In an increasingly volatile and competitive economy, only the most agile companies that are quickest to adapt to market stimuli can thrive year on year. To do this is a challenge and, in fact, approximately only 10% of the companies that made the Fortune 500 list in 1955 remain on the list today. What distinguishes these companies that have remained at the top for decades? There are several factors, but undoubtedly among them is Operational Excellence.
What is operational excellence
Operational Excellence is usually known as the improvement of all operations through the implementation of projects focused on cost improvement. It is important to note that operations include not only the most transactional areas, such as production, logistics, procurement, maintenance and quality, but also all other areas, from sales to research and development to finance. Furthermore, it is important to note that the focus of projects aimed at excellence is not only related to cost but rather with all the components related to the business of an organisation, known as GQCDM, that is, growth, quality, cost, delivery and motivation. Therefore, it is possible to characterise excellence in operations as the continuous search for improvement of the whole operational part of a business. This implies two approaches: continuous, incremental and daily improvement in all the teams of an organisation, and occasional, disruptive, planned and focused improvement in certain areas with a specific and ambitious goal.
On this journey towards excellence, numerous situations will arise in which change will be necessary. For it to happen successfully, it is essential to make it a strategic priority before anything else. Therefore, it should be included in the Strategy Deployment Policy and clear goals should be set. This is the only way to ensure that everyone in the different areas of the organisation can understand the need for and importance of this change, thus ensuring involvement and commitment at all levels of the organisation.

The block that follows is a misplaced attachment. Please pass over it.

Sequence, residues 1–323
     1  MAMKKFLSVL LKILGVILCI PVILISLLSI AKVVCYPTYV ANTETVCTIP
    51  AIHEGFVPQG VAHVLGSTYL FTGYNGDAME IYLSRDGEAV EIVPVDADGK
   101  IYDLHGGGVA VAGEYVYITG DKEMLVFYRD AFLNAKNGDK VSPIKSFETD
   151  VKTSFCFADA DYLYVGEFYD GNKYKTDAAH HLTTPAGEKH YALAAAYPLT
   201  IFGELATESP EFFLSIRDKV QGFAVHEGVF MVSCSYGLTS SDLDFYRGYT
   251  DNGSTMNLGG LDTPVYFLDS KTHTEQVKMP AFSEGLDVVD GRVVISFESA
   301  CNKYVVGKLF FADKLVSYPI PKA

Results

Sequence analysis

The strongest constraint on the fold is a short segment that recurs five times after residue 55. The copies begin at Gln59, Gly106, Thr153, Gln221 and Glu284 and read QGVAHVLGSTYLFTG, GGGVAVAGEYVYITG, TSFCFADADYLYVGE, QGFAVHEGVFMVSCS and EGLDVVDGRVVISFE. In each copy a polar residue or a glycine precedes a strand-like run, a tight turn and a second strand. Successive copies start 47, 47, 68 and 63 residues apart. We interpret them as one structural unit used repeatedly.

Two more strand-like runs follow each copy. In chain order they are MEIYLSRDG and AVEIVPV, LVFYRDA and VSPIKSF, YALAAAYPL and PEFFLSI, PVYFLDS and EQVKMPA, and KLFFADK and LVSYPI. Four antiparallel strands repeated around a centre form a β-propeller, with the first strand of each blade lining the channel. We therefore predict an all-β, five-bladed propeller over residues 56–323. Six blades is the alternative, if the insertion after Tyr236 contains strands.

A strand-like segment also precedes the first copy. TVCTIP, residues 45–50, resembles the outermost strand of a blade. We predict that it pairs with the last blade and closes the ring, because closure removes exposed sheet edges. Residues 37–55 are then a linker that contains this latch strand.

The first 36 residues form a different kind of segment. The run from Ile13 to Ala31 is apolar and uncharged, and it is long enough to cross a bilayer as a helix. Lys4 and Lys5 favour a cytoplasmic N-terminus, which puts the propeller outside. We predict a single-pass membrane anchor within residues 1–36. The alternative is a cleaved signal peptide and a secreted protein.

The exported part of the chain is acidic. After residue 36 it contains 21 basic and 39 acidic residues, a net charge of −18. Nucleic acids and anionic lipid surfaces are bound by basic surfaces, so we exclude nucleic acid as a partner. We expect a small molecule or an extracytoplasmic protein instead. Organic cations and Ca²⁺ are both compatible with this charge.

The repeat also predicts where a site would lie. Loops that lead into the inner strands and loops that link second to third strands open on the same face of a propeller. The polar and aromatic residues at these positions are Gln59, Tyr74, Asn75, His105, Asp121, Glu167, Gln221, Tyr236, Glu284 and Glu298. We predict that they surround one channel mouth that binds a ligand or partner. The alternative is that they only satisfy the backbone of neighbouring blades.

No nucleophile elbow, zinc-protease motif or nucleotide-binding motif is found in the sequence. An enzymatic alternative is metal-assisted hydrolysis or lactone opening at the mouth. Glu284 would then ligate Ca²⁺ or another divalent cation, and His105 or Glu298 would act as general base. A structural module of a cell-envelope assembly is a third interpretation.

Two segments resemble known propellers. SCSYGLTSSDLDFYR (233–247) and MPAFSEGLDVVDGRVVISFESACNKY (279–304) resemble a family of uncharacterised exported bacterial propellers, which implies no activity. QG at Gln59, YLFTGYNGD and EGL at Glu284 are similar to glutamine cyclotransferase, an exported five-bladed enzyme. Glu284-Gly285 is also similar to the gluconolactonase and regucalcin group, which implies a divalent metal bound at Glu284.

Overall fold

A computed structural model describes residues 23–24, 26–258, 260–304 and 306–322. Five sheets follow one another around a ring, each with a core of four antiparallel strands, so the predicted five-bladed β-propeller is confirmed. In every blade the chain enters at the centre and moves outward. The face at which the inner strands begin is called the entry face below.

After being defined as a strategic priority for a given period, it is important that two types of change are conducted: carrying out projects to change the Gemba (the ground/place where the action takes place) and instilling new behaviours in the different teams. In addition, ubiquitous agents of change must be created, capable of positively influencing the organisation in this transformation. This is achieved by implementing successful pilot projects that represent the strategic vision and by involving managers and team leaders.
Finally, changing behaviours is a difficult and lengthy process, which is why it should be done in small steps, involving the various teams in the organisation and following a clear deployment model appropriate to its size. When deploying, it is essential to ensure a good follow-up of the various teams, namely through frequent coaching sessions, and practical, focused and highly motivating workshop sessions with several people from different areas.
The adoption of the various principles of change, and consequently the success of such a journey, depends directly on the active role of leadership. Management must be present at the Gemba to understand the concerns of the team members and to participate in the creation of the solutions. Proximity to teams should be a priority and planned with high frequency, as this also contributes to improving employee morale and a sense of appreciation.
On arrival of material at the shop warehouse, opportunities are immediately identified regarding the stock organisation and amount ordered. Excessive stock of items makes its storage difficult, which consequently contributes to increased stock outages and loss of productivity in handling. Palletised storage complicates not only handling but also ergonomics at the time of replenishment.
Improvement requires continuity, there is no such thing as ‘good enough’. Leaders and organisations must make their search for improvement a habit, an everyday occurrence. To achieve this, they must look at all collaborators, throughout all levels of the organisation, as the source for maintaining success. Creating the right culture will foster autonomous, motivated and empowered teams. This is the only way to achieve sustained and continuous growth, year on year.